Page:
Aerospace and Military Lighten Up

DN Staff

December 30, 2014

4 Min Read
Aerospace and Military Lighten Up

Military and aerospace engineers are increasingly focused on creating lighter weight, less costly components for ships, planes, spacecraft, and military vehicles, while maintaining strength, durability, and structural integrity. They are using lighter, stronger, and faster-curing carbon and glass composites and stronger polymers, as well as lighter-weight metals and alloys.

One of the big drivers for this push among aircraft makers and their component suppliers is that requirements for reducing emissions, and therefore fuel consumption, are getting tighter. Under the Federal Aviation Administration's Continuous Lower Emissions, Energy, and Noise (CLEEN) program, for example, major manufacturers such as Boeing, Pratt & Whitney, Rolls-Royce, and GE are working on various technologies to reduce emissions by 60% and aircraft fuel burn by 33% between 2015 and 2018. In both military and aerospace programs, there's also the continuing drive to cut materials and assembly costs.

Fuel costs now account for more than 35% of an airline's overhead, said Tim Herr, aerospace strategic business unit director for Victrex, well-known manufacturer of high-performance PEEK polymer. "Analysts also believe that 35,000 new aircraft will be needed over the next 20 years in order to replace aging fleets and to meet civilian flight demands," he said. "The industry is booming, and airplanes need to fly off the assembly line quicker to fulfill the backlog of orders."


Aerospace engineers are seeking innovative technologies to develop fuel-reducing, low-maintenance aircraft that can be assembled easily. One key to achieving this is metals replacement. Victrex, for example, has worked with leading aerospace companies for more than three decades to deliver PEEK polymer solutions that replace metals, thermosets, and other plastics, said Herr. The company's products are flying on more than 15,000 aircraft.

Victrex PEEK improves the performance of aerospace components such as clips, clamps, and brackets, offering strength and stiffness equivalent to metals while weighing up to 70% less, said Herr. Because this material can be injection molded, design engineers can simplify, consolidate, and standardize parts to improve assembly for aircraft manufacturers. Victrex PEEK delivers a combination of mechanical and fire/smoke/toxicity properties, plus chemical resistance, among others, that make it one of the highest-performing aerospace materials.

In addition to being up to 70% lighter, thermoplastic continuously reinforced composites made from Victrex PEEK offer up to five times higher mechanical properties than metal, making it a prime candidate for structural brackets and fasteners, said Herr. Their properties include chemical and corrosion resistance to jet fuel, hydraulic fluid, de-icing solution, salt, steam, water, and other commonly used service fluids, as well as four and five times higher fatigue strength, specific stiffness, and specific strength compared to traditional metals such as aluminum.

For example, Tri-Mack Plastics Manufacturing Corporation, a molder of high-temperature engineering thermoplastics, recently developed a carbon composite manufacturing process based on Victrex PEEK, using to produce brackets for aircraft structural applications. Victrex estimates that the brackets can remove a total of 100 kg (220.5 lb) of weight from a short-range commercial aircraft, compared to parts made of metal. Compared to thermoset-based composites, the thermoplastic composite brackets have manufacturing cycle times measured in minutes instead of hours.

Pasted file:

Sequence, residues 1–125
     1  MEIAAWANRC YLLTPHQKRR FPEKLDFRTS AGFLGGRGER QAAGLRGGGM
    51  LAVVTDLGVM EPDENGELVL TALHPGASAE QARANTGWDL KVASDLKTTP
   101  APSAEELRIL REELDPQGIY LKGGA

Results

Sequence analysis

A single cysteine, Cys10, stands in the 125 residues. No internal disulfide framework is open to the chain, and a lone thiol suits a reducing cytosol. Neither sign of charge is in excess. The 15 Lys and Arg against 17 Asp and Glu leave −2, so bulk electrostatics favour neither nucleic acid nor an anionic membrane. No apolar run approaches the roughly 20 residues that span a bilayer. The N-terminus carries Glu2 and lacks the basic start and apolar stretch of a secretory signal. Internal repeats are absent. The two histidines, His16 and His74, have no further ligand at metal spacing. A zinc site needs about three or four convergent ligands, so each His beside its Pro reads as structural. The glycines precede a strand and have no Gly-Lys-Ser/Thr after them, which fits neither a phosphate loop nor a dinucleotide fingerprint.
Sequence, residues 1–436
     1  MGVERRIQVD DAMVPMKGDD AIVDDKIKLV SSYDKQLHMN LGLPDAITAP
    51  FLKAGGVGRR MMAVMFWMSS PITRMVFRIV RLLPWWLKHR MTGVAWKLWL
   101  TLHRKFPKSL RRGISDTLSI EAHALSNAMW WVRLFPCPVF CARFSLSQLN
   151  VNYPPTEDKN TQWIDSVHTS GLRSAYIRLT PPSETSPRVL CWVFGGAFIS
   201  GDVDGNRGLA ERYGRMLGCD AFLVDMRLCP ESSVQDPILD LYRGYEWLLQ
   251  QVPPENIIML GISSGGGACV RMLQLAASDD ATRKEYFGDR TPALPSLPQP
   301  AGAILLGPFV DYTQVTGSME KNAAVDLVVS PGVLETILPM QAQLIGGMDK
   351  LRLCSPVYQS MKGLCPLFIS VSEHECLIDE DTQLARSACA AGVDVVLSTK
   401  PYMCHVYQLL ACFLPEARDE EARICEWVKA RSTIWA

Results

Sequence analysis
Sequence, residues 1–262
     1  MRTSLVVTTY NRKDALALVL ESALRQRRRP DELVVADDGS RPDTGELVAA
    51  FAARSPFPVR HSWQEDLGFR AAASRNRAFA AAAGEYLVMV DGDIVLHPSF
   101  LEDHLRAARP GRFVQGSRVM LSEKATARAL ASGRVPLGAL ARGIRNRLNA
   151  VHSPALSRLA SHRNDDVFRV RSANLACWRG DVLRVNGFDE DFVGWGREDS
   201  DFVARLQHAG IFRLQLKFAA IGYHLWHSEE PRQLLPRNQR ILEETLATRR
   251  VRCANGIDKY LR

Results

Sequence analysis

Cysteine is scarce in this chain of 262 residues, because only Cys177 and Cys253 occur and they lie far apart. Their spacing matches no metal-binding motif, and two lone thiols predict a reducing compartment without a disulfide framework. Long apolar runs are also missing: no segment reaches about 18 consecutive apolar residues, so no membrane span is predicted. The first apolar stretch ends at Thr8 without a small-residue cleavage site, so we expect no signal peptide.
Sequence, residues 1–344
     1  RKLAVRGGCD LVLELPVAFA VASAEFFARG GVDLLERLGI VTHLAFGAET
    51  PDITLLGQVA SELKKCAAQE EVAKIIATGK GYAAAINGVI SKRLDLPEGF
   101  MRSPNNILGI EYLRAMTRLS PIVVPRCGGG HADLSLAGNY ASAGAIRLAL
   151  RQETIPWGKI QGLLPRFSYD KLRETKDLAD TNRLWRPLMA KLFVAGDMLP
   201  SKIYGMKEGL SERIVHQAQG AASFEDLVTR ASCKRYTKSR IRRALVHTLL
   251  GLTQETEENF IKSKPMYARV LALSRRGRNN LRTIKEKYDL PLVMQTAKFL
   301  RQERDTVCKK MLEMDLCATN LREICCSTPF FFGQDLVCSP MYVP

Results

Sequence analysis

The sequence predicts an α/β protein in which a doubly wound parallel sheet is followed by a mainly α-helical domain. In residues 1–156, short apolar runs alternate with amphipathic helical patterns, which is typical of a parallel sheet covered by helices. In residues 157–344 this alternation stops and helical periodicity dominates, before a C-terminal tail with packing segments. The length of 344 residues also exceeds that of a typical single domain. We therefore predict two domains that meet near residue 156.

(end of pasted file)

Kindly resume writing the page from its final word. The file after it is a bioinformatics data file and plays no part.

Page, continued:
Molding company Piper Plastics developed the Kyron MAX injection-moldable thermoplastic composite for internal use. Then the company designed and molded a standard #10-32 bolt with one of the highest-performing of its XS series Kyron MAX grades, using a proprietary process, to replace titanium aerospace bolts. The resulting part exceeds target minimum tensile load at 741 lb and double shear strength at 1,890 lb. The material comes in three performance levels with both glass and carbon-fiber versions. Depending on the combination of fillers and polymer type, tensile strength can reach from up to 50,000 psi (345 MPa) to as high as 120,000 psi (827 MPa). The highest tensile strength exceeds that of steel, said Dave Wilkinson, Piper's materials engineering manager. The material's tensile modulus ranges from up to 5 million psi (35 GPa) to as high as 12 million psi (83 GPa).

RTP Company's carbon fiber-reinforced thermoplastic compounds for injection molding have specs that get close to metals in their stiffness and strength. The Ultra Performance series of compounds are made of short carbon fiber-reinforced resin systems based on PEEK, PPA, PPS, and PEI. These high-temperature resin systems are available in a range of carbon fiber loadings from 20% to 40%. For example, RTP 4087 using PPA and 40% carbon fiber has a tensile strength of 360 MPa, compared to tensile strengths of a zinc die casting alloy (ZAMAK 3) at 2.85 MPa, a tempered aluminum alloy (6061-T6 Al) at 310 MPa, and a cast aluminum alloy (A380 Al) at 324 MPa.

One of the premier metals for aircraft is still aluminum, including structures, fasteners, and various components, and the premier supplier is Alcoa. Many of the company's huge range of aluminum materials and products can be found in every metallic-intensive commercial and military aircraft made in the western world, as well as in several carbon fiber-intensive planes.

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